Does anyone recognize a character here? (Click to enlarge it) If it's not a Japanese kanji, could it be a Chinese hanzi? Or two? Or one, dublified? Or maybe i'm right and it's just a pretty, symmetrical pattern? What thinks anyone?

OK, while i'm waiting for a response, i guess i might as well write something — it's been a while. The rice cooker is going and won't be done for another half hour, a fresh beer is sitting on the coaster by the chair, some beautiful, calm-inducing Indian flute music is playing in MediaMonkey,... so, with nothing else to do, here we go....

In a paper i'm reading called "The Five Buddha Families and The Eight Consciousnesses," Khenchen Thrangu Rinpoche lays out in a nice clear way the five meditational buddhas of Tibetan Buddhism, the klesha each represents, which one of the five skandha each symbolizes, and the one wisdom (of five) embodied in that buddha.

This is interesting because the same categorization technique was used by Kūkai as he established Shingon in the 9th century and it is still studied today at his monastery on Mt. Kōya.

God no, that's way too boring for Thanksgiving eve. Forget i wrote that.

I woke with a start, and with heart racing glanced across the room, but it didn't take a second to realize that what had woken me was Phoebe crawling into the bed. When i raised my eyebrows and shot her a quizzical "what's going on?" look, she put her finger on my lips and with her lips to my ear whispered "Shhhh. Don't say anything, just enjoy." Before i could utter another word, with a giggle and that devilish smile that i had come to know over the past year meant "hang on for the ride... if you can," she dove under the covers.

With her parents in the room down the hall, i knew we were playing with fire, but everyone that knows Phoebe knows that she will get what she wants when she's in one of these moods.

No, no. That's not what i meant to type.... Sorry, Dave has told me i can't post stories like this here. Something about making Google mad.

In the latest bicycling news, Alberto Contador has finally had his day in court and will now wait for the expected January release of a verdict in his attempt to get away with doping case of suspected doping.

As a surprise witness, Contador's lawyers produced a young Spanish herder who testified under oath that he had personally raised the cow in question. He also testified that he was certain beyond any doubt that he had seen it eating grass near the window of his hut while he (the herder) had been watching a PBS television show about Cherybutt Chernoble Cheerieo that nasty shit that we all know was inside the steak that Alberto purportedly ate.

Under cross-questioning, the herder expressed shock that prosecutors questioned his status as "expert witness," saying that he watched PBS everyday and pointing out that he was certain that he had seen a show pointing out the correlation between what you watch while you eat and the effects that can have on your health and physiology.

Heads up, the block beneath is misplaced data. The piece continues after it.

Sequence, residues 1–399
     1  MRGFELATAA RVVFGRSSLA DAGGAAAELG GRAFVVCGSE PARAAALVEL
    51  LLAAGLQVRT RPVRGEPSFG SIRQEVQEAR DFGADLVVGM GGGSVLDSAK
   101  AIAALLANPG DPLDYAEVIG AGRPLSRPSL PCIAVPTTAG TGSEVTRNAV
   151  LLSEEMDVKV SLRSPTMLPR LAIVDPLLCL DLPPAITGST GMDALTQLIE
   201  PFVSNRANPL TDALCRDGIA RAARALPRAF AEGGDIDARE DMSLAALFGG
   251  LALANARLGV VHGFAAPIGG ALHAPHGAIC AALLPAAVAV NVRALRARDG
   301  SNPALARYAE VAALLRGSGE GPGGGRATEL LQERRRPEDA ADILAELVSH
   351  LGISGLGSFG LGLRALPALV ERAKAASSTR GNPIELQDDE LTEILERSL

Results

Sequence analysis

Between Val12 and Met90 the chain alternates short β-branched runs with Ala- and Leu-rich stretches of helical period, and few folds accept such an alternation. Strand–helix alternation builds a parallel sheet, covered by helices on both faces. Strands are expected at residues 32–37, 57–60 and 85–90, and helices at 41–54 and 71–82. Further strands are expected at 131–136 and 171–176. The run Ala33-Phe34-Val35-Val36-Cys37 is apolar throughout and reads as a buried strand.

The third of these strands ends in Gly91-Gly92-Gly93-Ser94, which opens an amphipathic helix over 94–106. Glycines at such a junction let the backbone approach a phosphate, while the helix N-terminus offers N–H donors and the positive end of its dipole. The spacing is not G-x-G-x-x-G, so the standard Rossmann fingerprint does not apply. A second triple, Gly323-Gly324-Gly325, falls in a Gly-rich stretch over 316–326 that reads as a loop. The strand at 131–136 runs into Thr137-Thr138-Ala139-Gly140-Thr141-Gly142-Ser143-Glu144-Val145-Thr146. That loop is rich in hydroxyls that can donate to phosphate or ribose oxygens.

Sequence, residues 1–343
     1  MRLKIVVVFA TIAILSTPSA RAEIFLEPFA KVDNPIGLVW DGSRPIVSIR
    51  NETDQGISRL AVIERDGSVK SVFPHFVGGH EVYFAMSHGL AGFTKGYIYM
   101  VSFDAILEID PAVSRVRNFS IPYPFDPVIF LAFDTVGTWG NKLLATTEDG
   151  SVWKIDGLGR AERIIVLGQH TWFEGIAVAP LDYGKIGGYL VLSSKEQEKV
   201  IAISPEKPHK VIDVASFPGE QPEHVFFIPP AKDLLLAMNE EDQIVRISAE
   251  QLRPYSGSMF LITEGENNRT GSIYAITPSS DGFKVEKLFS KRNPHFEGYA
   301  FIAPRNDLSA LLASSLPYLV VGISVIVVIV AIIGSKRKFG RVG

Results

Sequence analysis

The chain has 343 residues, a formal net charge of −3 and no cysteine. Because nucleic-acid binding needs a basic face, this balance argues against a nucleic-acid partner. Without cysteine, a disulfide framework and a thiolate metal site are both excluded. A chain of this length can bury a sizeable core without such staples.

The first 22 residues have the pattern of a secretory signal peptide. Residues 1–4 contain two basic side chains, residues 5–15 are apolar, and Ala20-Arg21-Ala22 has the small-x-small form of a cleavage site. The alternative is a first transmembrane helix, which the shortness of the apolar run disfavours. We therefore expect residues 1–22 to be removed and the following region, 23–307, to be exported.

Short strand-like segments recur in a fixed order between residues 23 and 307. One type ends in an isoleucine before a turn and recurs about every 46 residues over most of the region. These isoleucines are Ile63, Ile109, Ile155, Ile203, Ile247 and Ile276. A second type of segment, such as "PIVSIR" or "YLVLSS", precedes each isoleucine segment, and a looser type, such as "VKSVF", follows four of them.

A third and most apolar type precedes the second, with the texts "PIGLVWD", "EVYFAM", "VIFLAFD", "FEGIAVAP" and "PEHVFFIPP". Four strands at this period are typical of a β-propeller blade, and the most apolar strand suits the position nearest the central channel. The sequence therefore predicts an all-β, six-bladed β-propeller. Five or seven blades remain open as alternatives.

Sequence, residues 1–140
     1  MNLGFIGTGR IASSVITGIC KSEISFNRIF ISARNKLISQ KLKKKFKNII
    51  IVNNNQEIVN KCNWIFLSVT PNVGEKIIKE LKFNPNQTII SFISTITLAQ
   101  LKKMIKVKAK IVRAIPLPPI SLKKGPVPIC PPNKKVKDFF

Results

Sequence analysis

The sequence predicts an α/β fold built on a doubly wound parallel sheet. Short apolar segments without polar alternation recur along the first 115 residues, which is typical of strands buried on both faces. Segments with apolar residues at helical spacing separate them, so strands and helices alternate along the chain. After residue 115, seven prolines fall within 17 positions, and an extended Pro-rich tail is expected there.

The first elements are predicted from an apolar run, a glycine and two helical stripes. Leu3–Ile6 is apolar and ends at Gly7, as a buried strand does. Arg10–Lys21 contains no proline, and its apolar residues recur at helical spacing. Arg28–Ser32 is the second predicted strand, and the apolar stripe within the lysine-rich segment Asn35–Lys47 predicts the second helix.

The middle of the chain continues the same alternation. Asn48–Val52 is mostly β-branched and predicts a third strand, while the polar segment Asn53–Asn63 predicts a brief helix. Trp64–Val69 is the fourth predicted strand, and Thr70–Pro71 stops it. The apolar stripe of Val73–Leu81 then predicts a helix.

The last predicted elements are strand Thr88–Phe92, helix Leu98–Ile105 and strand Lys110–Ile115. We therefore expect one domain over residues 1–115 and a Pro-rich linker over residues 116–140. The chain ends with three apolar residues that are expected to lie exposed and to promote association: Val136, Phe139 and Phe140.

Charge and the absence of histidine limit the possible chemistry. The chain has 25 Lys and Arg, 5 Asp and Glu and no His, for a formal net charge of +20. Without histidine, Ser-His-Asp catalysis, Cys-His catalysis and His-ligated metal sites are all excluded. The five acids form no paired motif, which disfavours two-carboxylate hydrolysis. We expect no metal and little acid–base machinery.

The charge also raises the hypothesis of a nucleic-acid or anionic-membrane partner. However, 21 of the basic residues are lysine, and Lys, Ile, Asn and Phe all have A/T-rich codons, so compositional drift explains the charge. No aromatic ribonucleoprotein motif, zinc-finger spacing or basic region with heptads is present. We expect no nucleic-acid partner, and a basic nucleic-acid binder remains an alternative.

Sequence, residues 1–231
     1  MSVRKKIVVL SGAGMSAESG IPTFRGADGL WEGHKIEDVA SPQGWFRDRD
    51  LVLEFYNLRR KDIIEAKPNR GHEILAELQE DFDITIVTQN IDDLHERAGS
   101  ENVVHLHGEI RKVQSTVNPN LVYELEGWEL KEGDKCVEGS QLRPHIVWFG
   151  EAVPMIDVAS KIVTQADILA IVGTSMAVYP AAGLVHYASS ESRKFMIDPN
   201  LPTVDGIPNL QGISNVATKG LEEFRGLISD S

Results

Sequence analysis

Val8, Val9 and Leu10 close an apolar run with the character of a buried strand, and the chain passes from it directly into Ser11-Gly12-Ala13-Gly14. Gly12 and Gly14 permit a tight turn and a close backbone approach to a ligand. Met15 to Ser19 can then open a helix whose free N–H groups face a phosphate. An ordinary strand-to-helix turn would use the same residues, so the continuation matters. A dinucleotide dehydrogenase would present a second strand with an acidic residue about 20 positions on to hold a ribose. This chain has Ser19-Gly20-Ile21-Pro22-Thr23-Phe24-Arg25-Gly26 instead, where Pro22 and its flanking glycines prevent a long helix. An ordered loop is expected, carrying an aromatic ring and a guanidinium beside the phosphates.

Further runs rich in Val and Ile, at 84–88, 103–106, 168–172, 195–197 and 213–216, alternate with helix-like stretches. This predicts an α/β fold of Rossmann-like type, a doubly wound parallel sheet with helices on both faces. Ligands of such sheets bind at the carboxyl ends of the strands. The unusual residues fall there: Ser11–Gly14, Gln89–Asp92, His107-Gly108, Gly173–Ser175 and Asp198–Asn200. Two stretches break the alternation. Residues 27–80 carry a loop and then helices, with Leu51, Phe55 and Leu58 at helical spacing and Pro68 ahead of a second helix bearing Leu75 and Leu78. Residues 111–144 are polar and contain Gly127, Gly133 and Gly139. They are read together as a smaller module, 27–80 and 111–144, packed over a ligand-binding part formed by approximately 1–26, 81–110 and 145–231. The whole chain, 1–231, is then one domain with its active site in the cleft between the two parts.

Ooops, the rice cooker just beeped, so i'll have to finish this another day. If you have any ideas about the medallion, please let me know.

Happy Thanksgiving to all. Remember at least one thing you are grateful for tomorrow. More if you can.

Thursday, November 17, 2011


Had an unusual dream last night. Actually, it was early this morning because i woke up from the middle of the dream and immediately wanted to go back to sleep to finish it. I can't remember the last time i had a dream that made me want to go back to sleep to reenter it.

I should have typed this up as soon as i got up instead of eating breakfast and reading the news because i've already started to forget large chunks of what happened, but what made it interesting is still there so i'll recount that.

My two sisters and I were apparently all applying for a job at an inner city school. I say 'apparently' because i don't ever remember talking or reading anything about the job itself, but everything about the experience speaks to this being about becoming teachers.

The three of us walked to the building (school?) where the interviews were going to be held, a typical old red-brick multi-story inner city building. When we went in, the elevators were small (and crowded with other candidates) with well worn wood paneling on all the walls.

We went up to the 57th floor and were greeted by two guys sitting behind a receptionist-like counter. It was a big open room, painted white and desperately in need of a repaint. The wood work was intricate and had probably been considered a marvel "back in the days." Just a few small windows let in enough sunlight that if felt warm and cozy. When we told the two guys what we were there for, one of them went into a side room to get the information we needed.

The next thing i remember is that the three of us were seated in large over-sized chairs in the open area in front of the reception counter and the guy who had gone to get us our information was with us and explaining the procedure to us.

As he explained it, the written test we had to take was long and would take a substantial amount of time. Therefore, they gave it out to candidates before hand so that they could study it and get prepared. As he said this, he pointed to an adjacent room, empty except for rows and rows of long wooden desks spanning the width of the room. That room had windows the entire length of the two outside walls so was flooded in sunlight.

After explaining the test (which took awhile, but i don't remember it), he pulled out a small video camera and told us that he was loaning it to us because we would each be required to make a short video of "something," i don't remember what anymore. It seemed odd, but even though i don't remember the specifics, i remember wondering what the purpose of it was as it seemed to be making a video of something very mundane, very ordinary. Something about people.